Posts Tagged ‘low self discharge NiMH


Alkaline batteries are a type of primary batteries dependent upon the reaction between zinc and manganese dioxide, they are called alkaline because they use alkaline electrolyte. Alkaline batteries are usually a single use type, though recent developments allowed rechargeable alkaline batteries as well, though they are not suitable for deep cycle use as they offer very few recharge cycles in such usage scenarios. The capacity of an alkaline battery is dependent on the load of the battery, the useable capacity for low loads can be significantly higher than in high load applications. The nominal voltage of a new alkaline cell is 1.5V, though the open circuit voltage can be higher, the fully discharged cell has a remaining voltage of about 0.8V. Alkaline batteries are usually used in low power applications where they can be used for longer periods of time as they have low self discharge over time. Carbon-Zinc batteries can sometimes be confused for alkaline batteries, though they are not, although they are also offering the same operating voltage and are single use batteries and are not rechargeable. Carbon-Zinc batteries can be used in most cases where you would use an alkaline battery with no problems at all as they are compatible, though they may not be the best choice in all cases.

A Nickel–metal hydride battery (NiMH) and Nickel–cadmium battery (NiCd) are two similar types of type of rechargeable batteries. The main difference between the NiMH and NiCd is the chemistry they use, with the NiMH batteries capable of having higher capacity than the NiCd. The NiMH and NiCd batteries have a nominal voltage of 1.2-1.4V, though the open circuit voltage can be higher, when discharged they are down at about 1.0V. One of the significant disadvantages ot this type of batteries is the high rate of self-discharge that NiMH and NiCd (lower than on NiMH) batteries have and they do not come charged. The problem with faster self discharge and the fact that you need to charge them before use has been addressed with the more recent low self-discharge (LSD) NiMH batteries that are becoming more and more popular in the last few years. These LSD NiMH batteries come pre-charged and loose their capacity when not use at a much slower pace than traditional NiMH batteries. There is a lot of controversy going on around NiMH and NiCd batteries about the so called “memory effect” they are supposedly suffering from, but this has become more of an urban legend and a marketing tactics than something that you should be worried about as a possible problem in 99% of the time.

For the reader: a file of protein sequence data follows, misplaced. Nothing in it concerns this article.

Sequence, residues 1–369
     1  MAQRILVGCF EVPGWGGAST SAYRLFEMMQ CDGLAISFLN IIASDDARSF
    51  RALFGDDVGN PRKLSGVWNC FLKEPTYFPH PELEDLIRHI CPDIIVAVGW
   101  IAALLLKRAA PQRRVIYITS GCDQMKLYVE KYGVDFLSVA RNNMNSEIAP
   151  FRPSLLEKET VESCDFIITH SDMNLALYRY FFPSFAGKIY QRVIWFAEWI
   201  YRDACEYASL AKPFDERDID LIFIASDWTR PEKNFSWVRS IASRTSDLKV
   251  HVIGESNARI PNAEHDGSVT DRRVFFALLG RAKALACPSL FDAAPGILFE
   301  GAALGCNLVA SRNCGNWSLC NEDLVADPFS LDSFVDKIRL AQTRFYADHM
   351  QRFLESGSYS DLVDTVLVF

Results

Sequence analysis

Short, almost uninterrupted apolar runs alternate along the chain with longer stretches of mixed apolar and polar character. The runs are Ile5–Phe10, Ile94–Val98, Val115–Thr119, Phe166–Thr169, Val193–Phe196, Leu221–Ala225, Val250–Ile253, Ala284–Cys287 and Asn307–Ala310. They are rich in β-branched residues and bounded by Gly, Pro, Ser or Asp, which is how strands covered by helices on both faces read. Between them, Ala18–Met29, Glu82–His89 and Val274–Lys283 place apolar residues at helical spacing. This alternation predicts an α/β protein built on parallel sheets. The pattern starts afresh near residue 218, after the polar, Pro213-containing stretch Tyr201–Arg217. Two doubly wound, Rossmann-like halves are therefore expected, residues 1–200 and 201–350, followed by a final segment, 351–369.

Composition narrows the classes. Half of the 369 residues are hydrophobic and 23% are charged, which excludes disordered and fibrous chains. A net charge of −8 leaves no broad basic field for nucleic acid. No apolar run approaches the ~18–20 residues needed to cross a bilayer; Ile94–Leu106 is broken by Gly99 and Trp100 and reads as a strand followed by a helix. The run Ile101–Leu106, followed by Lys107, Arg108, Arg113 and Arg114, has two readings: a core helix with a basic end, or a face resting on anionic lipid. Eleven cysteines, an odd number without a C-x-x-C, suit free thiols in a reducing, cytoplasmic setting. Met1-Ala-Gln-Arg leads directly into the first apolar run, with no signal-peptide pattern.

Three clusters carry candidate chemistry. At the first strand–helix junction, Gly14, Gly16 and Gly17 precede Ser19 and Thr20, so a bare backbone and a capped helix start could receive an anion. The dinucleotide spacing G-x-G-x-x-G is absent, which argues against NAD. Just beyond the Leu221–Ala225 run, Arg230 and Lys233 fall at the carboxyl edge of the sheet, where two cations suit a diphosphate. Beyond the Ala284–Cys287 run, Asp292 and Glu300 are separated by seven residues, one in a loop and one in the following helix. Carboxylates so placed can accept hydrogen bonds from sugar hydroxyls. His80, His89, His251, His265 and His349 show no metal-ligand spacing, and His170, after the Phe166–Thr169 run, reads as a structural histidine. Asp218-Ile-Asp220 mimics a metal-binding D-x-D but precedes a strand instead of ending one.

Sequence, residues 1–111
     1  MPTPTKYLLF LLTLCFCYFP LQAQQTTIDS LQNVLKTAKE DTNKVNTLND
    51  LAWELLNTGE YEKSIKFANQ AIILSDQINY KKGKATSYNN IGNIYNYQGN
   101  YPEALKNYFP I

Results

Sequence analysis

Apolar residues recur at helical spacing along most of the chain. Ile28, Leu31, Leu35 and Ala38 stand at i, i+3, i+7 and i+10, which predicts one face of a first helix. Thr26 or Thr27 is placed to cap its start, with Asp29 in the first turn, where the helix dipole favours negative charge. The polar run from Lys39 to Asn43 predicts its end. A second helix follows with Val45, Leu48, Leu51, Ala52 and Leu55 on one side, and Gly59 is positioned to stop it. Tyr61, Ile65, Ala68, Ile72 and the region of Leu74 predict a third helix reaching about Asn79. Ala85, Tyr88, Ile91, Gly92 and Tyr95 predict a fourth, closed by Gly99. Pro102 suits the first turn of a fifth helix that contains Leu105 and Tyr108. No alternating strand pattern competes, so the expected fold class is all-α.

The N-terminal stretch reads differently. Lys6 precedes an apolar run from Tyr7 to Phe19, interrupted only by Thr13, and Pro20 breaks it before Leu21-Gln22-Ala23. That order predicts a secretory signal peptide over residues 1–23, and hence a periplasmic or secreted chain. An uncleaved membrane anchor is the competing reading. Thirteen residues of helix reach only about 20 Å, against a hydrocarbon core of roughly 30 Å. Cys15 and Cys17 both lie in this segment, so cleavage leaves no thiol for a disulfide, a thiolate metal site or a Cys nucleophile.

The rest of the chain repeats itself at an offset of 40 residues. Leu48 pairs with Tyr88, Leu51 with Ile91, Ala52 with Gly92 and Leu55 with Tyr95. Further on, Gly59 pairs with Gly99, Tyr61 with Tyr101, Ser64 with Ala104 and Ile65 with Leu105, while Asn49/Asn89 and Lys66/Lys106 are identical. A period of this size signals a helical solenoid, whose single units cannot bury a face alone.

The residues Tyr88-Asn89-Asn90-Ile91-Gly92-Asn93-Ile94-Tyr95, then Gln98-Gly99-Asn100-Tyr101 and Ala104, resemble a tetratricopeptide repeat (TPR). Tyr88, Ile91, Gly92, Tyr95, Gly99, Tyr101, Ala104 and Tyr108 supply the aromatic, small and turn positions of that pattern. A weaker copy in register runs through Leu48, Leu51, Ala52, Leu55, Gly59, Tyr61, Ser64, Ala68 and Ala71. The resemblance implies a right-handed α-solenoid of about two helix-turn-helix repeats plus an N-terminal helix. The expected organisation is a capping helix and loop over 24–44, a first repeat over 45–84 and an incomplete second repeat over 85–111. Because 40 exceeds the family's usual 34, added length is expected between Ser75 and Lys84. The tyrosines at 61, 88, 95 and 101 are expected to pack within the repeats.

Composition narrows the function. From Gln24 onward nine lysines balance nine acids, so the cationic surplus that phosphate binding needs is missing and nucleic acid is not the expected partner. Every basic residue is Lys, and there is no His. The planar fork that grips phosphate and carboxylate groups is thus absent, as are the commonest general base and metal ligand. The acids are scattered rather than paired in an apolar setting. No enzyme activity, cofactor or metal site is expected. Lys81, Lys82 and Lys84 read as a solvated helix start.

A Lithium-ion battery as well as other variations such as Lithium-polymer battery or Lithium-iron phosphate batteries are rechargeable (secondary cell) batteries in which lithium ions move from the anode to the cathode during discharge and back when charging. The rechargeable Li-ion, Li-Poly and LiFePO batteries are different from the standard Lithium batteries that are not rechargeable. The rechargeable Lithium-based batteries provide lightweight, high energy density power sources for a variety of devices and are becoming more and more popular and widely used in portable electronic devices such as mobile phones, game consoles, tablets and laptops. The lithium-ion batteries usually have a 3.6V or 3.7V nominal voltage, the LiFePO4 (LiFe in short) have a nominal voltage of about 3.2V or 3.3V and the lithium-polymer batteries have a nominal voltage of 3.7V per cell. With Li-ion and LiPo batteries the recommended per cell safety zone is usually between 3V (fully discharged) and 4.2V (fully charged), though you normally can discharge the batteries up to about 2.8V without problems, going below may damage them irreversibly, so these batteries often have built-in safeties not to be over-discharged, also overcharging can be dangerous. LiFe batteries are a bit different as they have a bit lower operating voltage of about 3.2V – 3.3V, the minimum discharge voltage is 2.8V and the maximum charged voltage is 3.6V. The LiFePo4 batteries have more constant discharge voltage are considered to offer better safety than other Lithium-based batteries. Other advantages of the Lithium-based rechargeable batteries include the ability for much faster charge and higher discharge rates than other chemistries mentioned and usually higher number of recharge cycles, meaning longer life when not fully discharged.

These are some of the most common types of batteries that we are going to be testing and comparing in terms of performance here on the pages of, though there are many other types of batteries using different chemistry and with varying performance and features, but these are not very widely used. And since they are either too specific or nor widely spread and used, you would probably not going to need to use any of them, aside maybe from Lead-Acid (Pb) batteries which are the the oldest type of rechargeable battery we are probably not going to test most of them, again aside from maybe Pb batteries.